Somehow, she just knew he was wearing a shit-eating grin. Damn it. That's why he agreed to my terms so quickly earlier! He knew I stupidly gave him a perfectly valid escape clause. Ugh! Yet she strangely didn't feel very upset about it. "I hate you," she remarked, although she might as well have been commenting on the weather for the utter lack of annoyance in her voice.
The smart ass consultant could tell she didn't mean it, too. "Liar, liar, pants on fire," he quipped merrily. He got up and went to her kitchen, peering around curiously. "Where do you keep your cups?"
What? That was a random topic change. "Why?" She watched him searching her cabinets with suspicion.
He gave her that innocent little boy look that she both hated and adored in equal amounts. "I'm going to make you a nice cup of tea."
My life is falling apart and he wants to make me tea. She suppressed the impulse to laugh hysterically, not wanting him to worry more, or worse, psychoanalyze her.
Teresa felt rather self-satisfied that in this, he would not get his way. "Don't have tea," she informed him almost happily.
"Meh, who said anything about needing tea? I have tea. I just don't make a habit of carrying cups everywhere."
She stared at him as if he'd sprouted horns. That's absolutely nuts...but it's Jane, so I guess it makes perfect sense. "But you carry tea with you? Jane, you're so weird." Weird was an understatement.
He stared at her. She gave in, sighing. "Cups are in the top cupboard on the left of the sink." Annoying, pushy, know-it-all.
"Thank you." Jane found a pot, filled it with water, and fiddled with her stove until it came on. Then he faced her, leaning back against the countertop, crossing his arms purposefully. "Now how's about you tell tell me why you broke that lovely picture of your brothers?"
Teresa's heart sank and she frowned. She'd almost forgotten her dark thoughts she'd been having just minutes ago. Having zero desire to catalogue each and every thought and feeling so he could take them apart for his examination, she shut down that avenue instantly. "We're not discussing that."
He shrugged blithely at her as though it didn't matter at all when she knew he had to be dying of curiosity. "Okay. Then talk to me about why you're giving up so easily over this mess when you've been in worse situations with nary a flinch."
And there it was. The words she hadn't even had the nerve to think of much less speak aloud. It did feel like she was giving up. She had the uncomfortable feeling of being as clearly seen as a bug under a microscope. She swallowed hard, nervously tracing patterns in the worn lining of her sofa. It had been her mother's favorite piece of furniture, and the familiarity of it was grounding. No. She would not let Jane manipulate her like this. Casting about mentally for something to use as a distraction, her mind latched onto his earlier comment about her time of the month. Seriously, that's breaking the guy/girl code of silence in a huge way! That's the golden rule: men don't notice periods, and women don't call attention to random boners.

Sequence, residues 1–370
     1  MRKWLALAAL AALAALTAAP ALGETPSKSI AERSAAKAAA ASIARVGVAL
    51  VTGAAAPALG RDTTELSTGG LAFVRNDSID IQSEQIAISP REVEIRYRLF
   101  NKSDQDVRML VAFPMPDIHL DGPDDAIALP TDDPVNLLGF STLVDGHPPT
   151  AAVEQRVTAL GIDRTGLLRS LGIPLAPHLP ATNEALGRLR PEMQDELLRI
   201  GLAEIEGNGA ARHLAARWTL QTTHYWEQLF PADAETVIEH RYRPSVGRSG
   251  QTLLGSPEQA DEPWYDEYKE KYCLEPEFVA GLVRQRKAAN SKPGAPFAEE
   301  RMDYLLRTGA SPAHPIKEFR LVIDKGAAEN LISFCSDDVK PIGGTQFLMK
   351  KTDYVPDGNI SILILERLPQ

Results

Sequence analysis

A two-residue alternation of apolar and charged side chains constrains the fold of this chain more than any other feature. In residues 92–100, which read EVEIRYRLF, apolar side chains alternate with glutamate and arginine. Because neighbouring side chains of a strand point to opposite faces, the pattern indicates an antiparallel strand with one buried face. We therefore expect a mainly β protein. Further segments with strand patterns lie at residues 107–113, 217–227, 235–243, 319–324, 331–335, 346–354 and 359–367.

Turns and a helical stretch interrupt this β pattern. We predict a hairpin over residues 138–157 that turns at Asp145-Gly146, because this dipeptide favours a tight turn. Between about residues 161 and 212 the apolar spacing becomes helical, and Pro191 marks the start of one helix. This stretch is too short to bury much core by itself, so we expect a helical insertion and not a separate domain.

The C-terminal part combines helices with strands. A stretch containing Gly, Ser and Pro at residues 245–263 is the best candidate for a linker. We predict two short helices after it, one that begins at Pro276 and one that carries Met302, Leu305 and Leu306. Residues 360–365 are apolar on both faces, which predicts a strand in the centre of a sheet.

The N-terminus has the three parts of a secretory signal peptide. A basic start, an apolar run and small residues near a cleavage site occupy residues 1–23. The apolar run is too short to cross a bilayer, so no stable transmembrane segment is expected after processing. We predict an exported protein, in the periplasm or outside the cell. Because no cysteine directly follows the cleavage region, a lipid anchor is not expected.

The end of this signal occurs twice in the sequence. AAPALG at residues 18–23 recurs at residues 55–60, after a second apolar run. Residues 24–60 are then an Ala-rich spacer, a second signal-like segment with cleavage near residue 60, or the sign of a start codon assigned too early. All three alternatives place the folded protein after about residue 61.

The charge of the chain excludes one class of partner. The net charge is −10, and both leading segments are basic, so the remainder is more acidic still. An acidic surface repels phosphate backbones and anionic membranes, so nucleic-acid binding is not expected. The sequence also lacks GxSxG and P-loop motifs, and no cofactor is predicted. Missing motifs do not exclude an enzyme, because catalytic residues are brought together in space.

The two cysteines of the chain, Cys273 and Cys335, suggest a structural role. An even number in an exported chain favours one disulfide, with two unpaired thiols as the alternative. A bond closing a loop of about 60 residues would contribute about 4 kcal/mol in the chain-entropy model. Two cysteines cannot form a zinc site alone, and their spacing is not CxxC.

Staring fixedly at the wall so he'd have nothing to target in her eyes, she remarked, "Didn't anyone ever tell you it's rude to mention people's private biological functions?"
"Stop deflecting," he said, irritation laced in his voice.
Ha! That's rich, coming from you of all people! Jerk, she seethed silently. "I learned from the best," she retorted boldly.
Apparently getting tired of their bout of verbal judo, he shoved himself away from the counter and walked to the sofa to drop to his heels next to her. "Lisbon. Teresa." WHY does he have to say my name like that?!
Against her will, she felt her head turn and she looked at him, reluctantly touched by the soft, concerned look in his eyes. He surprised her by taking her hand, aborting her fruitless pattern-tracing she hadn't realized she'd still been doing.
"Don't shut down," Jane urged, an emotion she refused to name in his voice.
He had to ask that, in that tone, saying my name that way. And I'm going to cave. Again. Damn. It. It really did piss her off, how easily he could read her. Then she remembered the reason he was here to read her at all, and she felt the misery and self-loathing rise up. She felt herself start to panic. She couldn't talk to him about this. It wasn't even about wanting to or not anymore; she could not. If he knew, he would leave her too. That was intolerable.
"Please, Jane," she hated herself for begging. "Please don't make me give up more of myself than I already have." She lit on an idea just then. Two can play at this game, pal. "Please...Patrick."